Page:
the fatigue behaviour of electrically stressed inorganic PZT ceramics is investigated. The
focus lies on preventing the operational fatigue of ferroelectric devices due to cyclic and
static electrical stress. The available equipment includes poling devices, such as corona and
high voltage setups, and a thermally stimulated current setup to investigate the energetic
trap structure in dielectrics as well as the thermal charging and discharging under high
electric fields.
The field of photoluminescent and photostimulated luminescent (PSL) materials
(phosphors) is concerned with the synthesis and characterization of suited inorganic
compounds used as wavelength converters in fluorescent lamps and in scintillating and
information storing crystals. Present work is focused on x-ray detection materials, providing
improved resolution and high PSL-efficiency needed in medical imaging. In particular the
storage phosphors CsBr:Eu2+ and BaFBr:Eu2+ are under investigation. Research is
concentrated on the influence of humidity on the sensitivity of CsBr:Eu2+. Before and after
the treatment the materials are studied by means of spectroscopic methods as well as
scanning electron microscopy. The exchange of water during the thermal treatment is
measured in situ by thermal analysis methods. New synthesis methods for BaFBr:Eu2+ used
in commercial image plates are of interest and new synthesis routes will be tested for other
storage phosphors and scintillators. On the one hand the mechanism of PSL-sensitization,
which is found to be mainly due to the incorporation of oxygen and water, is investigated.
On the other hand the implementation of BaFBr:Eu2+ powders into organic binders in order
to form image plates is in the focus of the work.
Staff Members
Head
Prof. Dr.-Ing. Heinz von Seggern
Research Associates
Dr. Andrea Gassmann
Dr. Joachim Hillenbrand
Dr. Sergej Zhukov
Dr. Corinna Hein
Dr. Emanuelle Reis Simas
Dr. Jörg Zimmermann
Technical Personnel
Gabriele Andreß
Sabine Hesse
Helga Janning
Bernd Stoll
Secretary
Gabriele Kühnemundt
PhD Students
Tobias Könyves-Toth
Fabian Knoch
Oili Pekkola
Riitta Savikoski
Institute of Materials Science – Electronic Material Properties
Elmar Kersting
Paul Mundt
Florian Pfeil
Henning Seim
31
Master Students
Ralph Dachauer
Stefan Vogel
Guest Scientists
Anatoli Popov
Christopher Wolf
Stepfan Schlißke
Research Projects
Fatigue of organic semiconductor components (SFB 595 (DFG), 2003-2014)
Phenomenological modelling of bipolar carrier transport in organic semiconducting devices
under special consideration of injection, transport and recombination phenomena (SFB 595
(DFG), 2003-2014)
Polarization and charge in electrically fatigued ferroelectrics (SFB 595 (DFG), 2006-2014)
Development of organic piezo sensors (LOEWE AdRIA 26200026, 2008-2014)
Thin film dielectrics for high performance transistors (DFG, 2012-2015)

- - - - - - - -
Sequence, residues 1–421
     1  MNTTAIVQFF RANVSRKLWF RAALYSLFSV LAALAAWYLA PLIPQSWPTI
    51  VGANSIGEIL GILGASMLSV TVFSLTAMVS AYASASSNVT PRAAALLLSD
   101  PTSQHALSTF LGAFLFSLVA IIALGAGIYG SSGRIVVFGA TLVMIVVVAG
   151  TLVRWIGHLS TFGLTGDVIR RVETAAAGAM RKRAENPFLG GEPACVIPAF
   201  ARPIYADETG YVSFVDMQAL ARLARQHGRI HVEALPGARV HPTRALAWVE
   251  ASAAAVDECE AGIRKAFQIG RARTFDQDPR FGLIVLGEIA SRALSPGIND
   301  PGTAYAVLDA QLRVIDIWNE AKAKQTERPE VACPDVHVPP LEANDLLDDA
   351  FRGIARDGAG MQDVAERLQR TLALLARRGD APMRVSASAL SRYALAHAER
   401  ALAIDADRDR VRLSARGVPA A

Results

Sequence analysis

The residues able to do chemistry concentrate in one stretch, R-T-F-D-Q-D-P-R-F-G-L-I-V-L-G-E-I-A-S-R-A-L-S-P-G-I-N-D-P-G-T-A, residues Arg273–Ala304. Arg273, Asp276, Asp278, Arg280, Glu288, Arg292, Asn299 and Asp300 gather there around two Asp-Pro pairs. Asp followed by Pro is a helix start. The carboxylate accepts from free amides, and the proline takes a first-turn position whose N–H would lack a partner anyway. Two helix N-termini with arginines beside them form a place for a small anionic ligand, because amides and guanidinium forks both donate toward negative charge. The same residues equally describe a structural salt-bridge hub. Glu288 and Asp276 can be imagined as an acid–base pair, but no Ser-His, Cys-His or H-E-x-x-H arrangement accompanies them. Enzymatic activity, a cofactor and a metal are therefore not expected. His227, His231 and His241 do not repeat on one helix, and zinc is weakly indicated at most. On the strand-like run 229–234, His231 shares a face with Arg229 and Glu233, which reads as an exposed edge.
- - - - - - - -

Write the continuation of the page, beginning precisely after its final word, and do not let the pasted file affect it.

Development of gate insulators for organic field effect transistors exploiting self-assembly of
block-copolymers (IDS-FunMat (EU), 2012-2015)
Piezoelectric properties of ferroelectrics (DFG, 2012-2015)
Preparation and characterization of metal-oxide field-effect transistors (MerckLab, 20092015)
High resolution, transparent image plates based on the storage phosphor CsBr:Eu2+ (DFG,
2013-2015)
Metal oxide based field-effect transistors with top gate geometry (Helmholtz Virtual
Institute, 2012-2017)
Publications
[1]
Xu, Bai-Xiang; von Seggern, Heinz; Zhukov, Sergey; et al.
An internal-variable-based interface model for the charging process of ferroelectrets
EUROPEAN JOURNAL OF MECHANICS A-SOLIDS 48, 97-111 (2014)
[2]
Melzer, Christian; von Seggern, Heinz
The color change in polychromatic organic light-emitting field-effect transistors: Optical
filtering versus reemission
ORGANIC ELECTRONICS 15, 2505-2512 (2014)
[3]
Pekkola, Oili; Gassmann, Andrea; Etzold, Fabian; et al.
Influence of triplet excitons on the lifetime of polymer-based organic light emitting diodes
PHYSICA STATUS SOLIDI A-APPLICATIONS AND MATERIALS SCIENCE 211,
2035-2039 (2014)
32
Institute of Materials Science – Electronic Material Properties
[4]
Koenyves-Toth, Tobias; Gassmann, Andrea; von Seggern, Heinz
The Challenge of Producing Fiber-Based Organic Electronic Devices
MATERIALS 7, 5254-5267 (2014)
[5]
Cherpak, Vladyslav; Gassmann, Andrea; Stakhira, Pavlo; et al.
Three-terminal light-emitting device with adjustable emission color
ORGANIC ELECTRONICS 15, 1396-1400 (2014)
[6]
Haeming, Marc; Issanin, Alexander; Walker, Daniel; et al.
Interrelation between Chemical, Electronic, and Charge Transport Properties of SolutionProcessed Indium-Zinc Oxide Semiconductor Thin Films
JOURNAL OF PHYSICAL CHEMISTRY C 118, 12826-12836 (2014)
[7]
Jakes, Peter; Zimmermann, Joerg; Von Seggern, Heinz; et al.
Eu2+-doped CsBr photostimulable X-ray storage phosphors - analysis of defect structure
by high-frequency EPR
FUNCTIONAL MATERIALS LETTERS 7, 1350073 (2014)
[8]
Zhukov, Sergey; Kungl, Hans; Genenko, Yuri A.; et al.
Statistical electric field and switching time distributions in PZT 1Nb2Sr ceramics: Crystaland microstructure effects
JOURNAL OF APPLIED PHYSICS 115, 014103 (2014)
Institute of Materials Science – Electronic Material Properties
33
Manufacturing and characterization of high resolution image plates
Elmar Kersting and Heinz von Seggern
Storage phosphors have the capability to store a two-dimensional latent image as a result of
an x-ray exposure of an investigated object. X-rays are thereby partially absorbed by the
investigated object and the penetrating radiation enters the image plate where it is again
absorbed generating electron holes pairs, which are trapped in defects of the storage
medium. The number of the locally trapped charge carriers depends thereby on the
intensity of X-rays, on their energy and the intensity pattern of the radiation created by the
object. This stored electrons can be stimulated by visible light (readout) and after been
liberated, recombine with trapped holes producing the photo- or optically-stimulated